Citizens of the World

Share this post
Unofficial Ambassadors

“You have now been a foreigner,” tour guide Silvana Gaeta tells students on their last night in Rome. “You have been the odd one, who is learning a language, who does not know the customs or how to find your way. And yet – you have found your way. You have tasted new things, met new people, and seen things that you may have only read about in books. My wish for you is that you will now take this feeling home. Let it shape how you view the world.”

Roaring Fork High School’s World Traveler Club brought many things home from their trip to Paris and Italy – clothing, artwork, gifts for their families, photos, and most invaluable: memories. Their stories tell of making a first-ever currency exchange for Euros to buy German chocolate in the Munich airport; arriving in Paris after 30 hours of travel to drop off bags for a hurried Metro ride to dinner in the Latin Quarter; ending their first night in Europe with an impromptu visit to the Louvre until closing time. The next day, they visited magnificent places – Versailles, Notre Dame Cathedral, the Eiffel Tower – all breathtaking, larger in life than they perhaps expected.

Engaged and Enchanted

The group of eleven RFHS students moved like Energizer Bunnies, operating with precious little sleep. Out past midnight on Day Two, they headed across Paris, chattering about the Seine River, lights, food, music, people. They navigated the subway, attempting to speak French with passersby, inviting smiles and friendly responses. They tried to get pigeons to pose for snapshots. They haggled with barkers and picked out berets, Eiffel Tower keychains, scarves, and postcards. They stood out, yes, like American tourists, yet they also stood out in marked contrast to the tired, inexplicably bored, stand-offish students from two other U.S. schools that traveled with the tour. 

“Roaring Fork kids are grateful,” explains RFHS World Traveler Club sponsor Denise Wright, who led the group of students and chaperones. “Gratitude is part of the culture of our school, and you see it with every team, club, and activity. You see it throughout the school in a lot of ways. On a trip like this, you see it in how the students take in the experience – engaging with locals, asking questions.”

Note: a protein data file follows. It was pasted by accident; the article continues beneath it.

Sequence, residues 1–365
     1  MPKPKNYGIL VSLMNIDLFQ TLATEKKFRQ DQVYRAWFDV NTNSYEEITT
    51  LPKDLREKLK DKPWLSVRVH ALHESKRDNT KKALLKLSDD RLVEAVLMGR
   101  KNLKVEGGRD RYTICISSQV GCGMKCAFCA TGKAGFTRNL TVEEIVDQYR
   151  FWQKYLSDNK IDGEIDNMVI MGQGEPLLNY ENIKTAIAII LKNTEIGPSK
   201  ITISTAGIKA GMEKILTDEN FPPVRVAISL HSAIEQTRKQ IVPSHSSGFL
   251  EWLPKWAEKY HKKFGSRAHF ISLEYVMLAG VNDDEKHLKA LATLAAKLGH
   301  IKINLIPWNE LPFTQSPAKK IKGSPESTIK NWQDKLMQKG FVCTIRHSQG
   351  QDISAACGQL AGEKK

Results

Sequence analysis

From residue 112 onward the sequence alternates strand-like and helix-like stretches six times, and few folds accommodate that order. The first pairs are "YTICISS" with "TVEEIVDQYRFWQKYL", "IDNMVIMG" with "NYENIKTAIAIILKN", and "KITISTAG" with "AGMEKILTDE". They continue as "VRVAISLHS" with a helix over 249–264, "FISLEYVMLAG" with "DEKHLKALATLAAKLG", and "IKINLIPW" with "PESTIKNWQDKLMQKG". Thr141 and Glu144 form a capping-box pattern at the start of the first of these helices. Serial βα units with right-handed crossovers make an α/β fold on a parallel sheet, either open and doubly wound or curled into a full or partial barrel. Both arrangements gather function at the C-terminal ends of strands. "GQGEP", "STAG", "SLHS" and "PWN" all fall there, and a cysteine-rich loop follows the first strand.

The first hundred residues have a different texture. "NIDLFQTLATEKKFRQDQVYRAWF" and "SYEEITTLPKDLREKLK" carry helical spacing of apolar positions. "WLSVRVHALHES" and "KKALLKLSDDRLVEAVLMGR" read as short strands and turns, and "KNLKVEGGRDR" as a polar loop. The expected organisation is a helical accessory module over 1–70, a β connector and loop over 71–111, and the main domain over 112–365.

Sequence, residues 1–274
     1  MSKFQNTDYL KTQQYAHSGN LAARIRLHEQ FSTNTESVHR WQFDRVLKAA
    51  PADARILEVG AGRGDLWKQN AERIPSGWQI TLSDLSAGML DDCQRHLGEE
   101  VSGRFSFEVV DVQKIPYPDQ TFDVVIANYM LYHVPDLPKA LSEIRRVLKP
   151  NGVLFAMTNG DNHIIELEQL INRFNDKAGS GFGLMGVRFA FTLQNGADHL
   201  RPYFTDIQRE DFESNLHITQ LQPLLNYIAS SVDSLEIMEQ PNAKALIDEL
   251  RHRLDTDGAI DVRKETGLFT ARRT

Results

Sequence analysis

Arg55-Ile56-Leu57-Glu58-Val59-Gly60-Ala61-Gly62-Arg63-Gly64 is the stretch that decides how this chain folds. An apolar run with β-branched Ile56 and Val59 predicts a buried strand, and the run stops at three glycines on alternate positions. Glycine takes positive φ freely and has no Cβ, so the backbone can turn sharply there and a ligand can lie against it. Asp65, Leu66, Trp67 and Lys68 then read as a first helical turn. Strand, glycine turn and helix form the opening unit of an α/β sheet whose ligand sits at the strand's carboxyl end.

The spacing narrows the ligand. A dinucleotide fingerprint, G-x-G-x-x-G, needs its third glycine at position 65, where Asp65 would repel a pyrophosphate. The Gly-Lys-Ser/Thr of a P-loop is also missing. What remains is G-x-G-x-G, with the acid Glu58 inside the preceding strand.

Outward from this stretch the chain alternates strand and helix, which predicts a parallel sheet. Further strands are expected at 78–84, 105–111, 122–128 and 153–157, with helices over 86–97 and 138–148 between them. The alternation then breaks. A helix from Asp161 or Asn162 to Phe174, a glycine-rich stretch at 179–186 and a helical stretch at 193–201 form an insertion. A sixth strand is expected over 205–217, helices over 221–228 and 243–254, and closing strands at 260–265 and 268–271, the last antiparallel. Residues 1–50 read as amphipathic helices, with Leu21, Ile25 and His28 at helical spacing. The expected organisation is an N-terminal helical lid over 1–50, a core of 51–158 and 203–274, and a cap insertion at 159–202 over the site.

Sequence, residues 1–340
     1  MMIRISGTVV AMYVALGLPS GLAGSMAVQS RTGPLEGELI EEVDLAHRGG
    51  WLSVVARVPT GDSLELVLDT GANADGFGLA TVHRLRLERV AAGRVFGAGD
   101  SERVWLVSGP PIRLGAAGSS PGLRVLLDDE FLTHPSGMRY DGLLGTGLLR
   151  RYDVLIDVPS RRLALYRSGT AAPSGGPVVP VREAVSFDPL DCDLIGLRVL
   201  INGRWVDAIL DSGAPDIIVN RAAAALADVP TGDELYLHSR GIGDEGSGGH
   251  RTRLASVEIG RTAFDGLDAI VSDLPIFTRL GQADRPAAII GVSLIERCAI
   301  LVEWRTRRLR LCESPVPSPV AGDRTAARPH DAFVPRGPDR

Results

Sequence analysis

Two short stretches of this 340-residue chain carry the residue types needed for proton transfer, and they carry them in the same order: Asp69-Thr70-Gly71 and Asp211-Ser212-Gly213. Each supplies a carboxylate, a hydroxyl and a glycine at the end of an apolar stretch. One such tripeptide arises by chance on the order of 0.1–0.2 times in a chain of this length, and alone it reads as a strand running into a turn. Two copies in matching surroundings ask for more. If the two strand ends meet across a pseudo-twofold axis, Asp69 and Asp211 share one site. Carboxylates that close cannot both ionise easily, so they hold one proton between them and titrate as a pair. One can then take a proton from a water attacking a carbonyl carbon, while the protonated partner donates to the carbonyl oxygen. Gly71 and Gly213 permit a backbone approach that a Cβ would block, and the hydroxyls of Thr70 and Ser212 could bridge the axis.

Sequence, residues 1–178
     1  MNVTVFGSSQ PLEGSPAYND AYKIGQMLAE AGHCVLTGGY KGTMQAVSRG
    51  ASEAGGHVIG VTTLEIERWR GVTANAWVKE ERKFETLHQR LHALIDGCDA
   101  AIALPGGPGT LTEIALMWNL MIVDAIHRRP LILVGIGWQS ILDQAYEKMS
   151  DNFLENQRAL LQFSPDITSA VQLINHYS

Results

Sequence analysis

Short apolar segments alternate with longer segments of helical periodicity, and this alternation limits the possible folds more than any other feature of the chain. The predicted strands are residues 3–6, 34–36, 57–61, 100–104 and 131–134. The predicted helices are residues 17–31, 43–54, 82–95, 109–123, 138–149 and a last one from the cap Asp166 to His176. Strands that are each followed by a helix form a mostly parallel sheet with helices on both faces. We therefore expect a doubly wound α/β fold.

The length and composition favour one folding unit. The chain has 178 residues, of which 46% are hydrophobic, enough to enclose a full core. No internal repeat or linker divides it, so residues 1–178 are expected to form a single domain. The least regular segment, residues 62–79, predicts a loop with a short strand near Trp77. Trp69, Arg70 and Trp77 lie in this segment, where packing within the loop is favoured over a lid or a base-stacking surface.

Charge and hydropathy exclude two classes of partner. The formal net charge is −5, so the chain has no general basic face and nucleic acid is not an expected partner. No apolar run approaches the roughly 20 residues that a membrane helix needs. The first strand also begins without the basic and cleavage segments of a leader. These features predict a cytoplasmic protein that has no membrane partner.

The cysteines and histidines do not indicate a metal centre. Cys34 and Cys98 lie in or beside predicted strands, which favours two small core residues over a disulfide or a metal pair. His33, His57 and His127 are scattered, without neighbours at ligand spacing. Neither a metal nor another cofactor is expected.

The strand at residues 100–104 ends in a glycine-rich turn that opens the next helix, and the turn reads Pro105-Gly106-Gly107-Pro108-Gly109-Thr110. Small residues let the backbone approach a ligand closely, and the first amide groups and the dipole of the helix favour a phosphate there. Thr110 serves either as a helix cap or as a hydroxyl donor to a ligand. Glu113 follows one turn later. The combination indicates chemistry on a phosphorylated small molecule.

How do you make travel happen?

“This question popped up one day in class as students were talking about trips they had taken,” said Wright. “I looked around and saw a clear divide between students who have traveled and those who have not. That day I started looking for ways to make travel accessible to everyone, and it has become a real passion of mine.”

Now, when students ask, “Can anyone go? Even me?” they are met with ways to get involved. Fundraising starts at least 18 months in advance, allowing enough time for the students to raise usually half of the cost through school efforts. Students make a difference through after-school or summer jobs and help from their families. “The main thing is that students take an integral role in making it happen,” Wright says.


Participants plan and execute the fundraising. This particular group reopened the school’s store after combing through state regulations about what can be served on campus. They cooked and served food at a gyro booth during Carbondale’s Mountain Fair. They hosted a raffle and games at a school Halloween carnival. Before Thanksgiving, they made and sold tamales and pumpkin cheesecakes. 


Students also take the initiative for planning their trip. They choose destinations after researching costs, menus, options, and itineraries. This year, they found inspiration in World History and Art classes and opted for an ambitious ten-day trek from Paris to Venice, Florence, Assisi, Rome, Pompeii, Sorrento, and Capri.

As soon as they made their down-payments one year in advance of the trip, the students downloaded Duo-Lingo and began learning French and Italian. Some competed to see who could hold the longest streak of days, words, or correct answers. Others explored the foods, customs, or artwork they would encounter.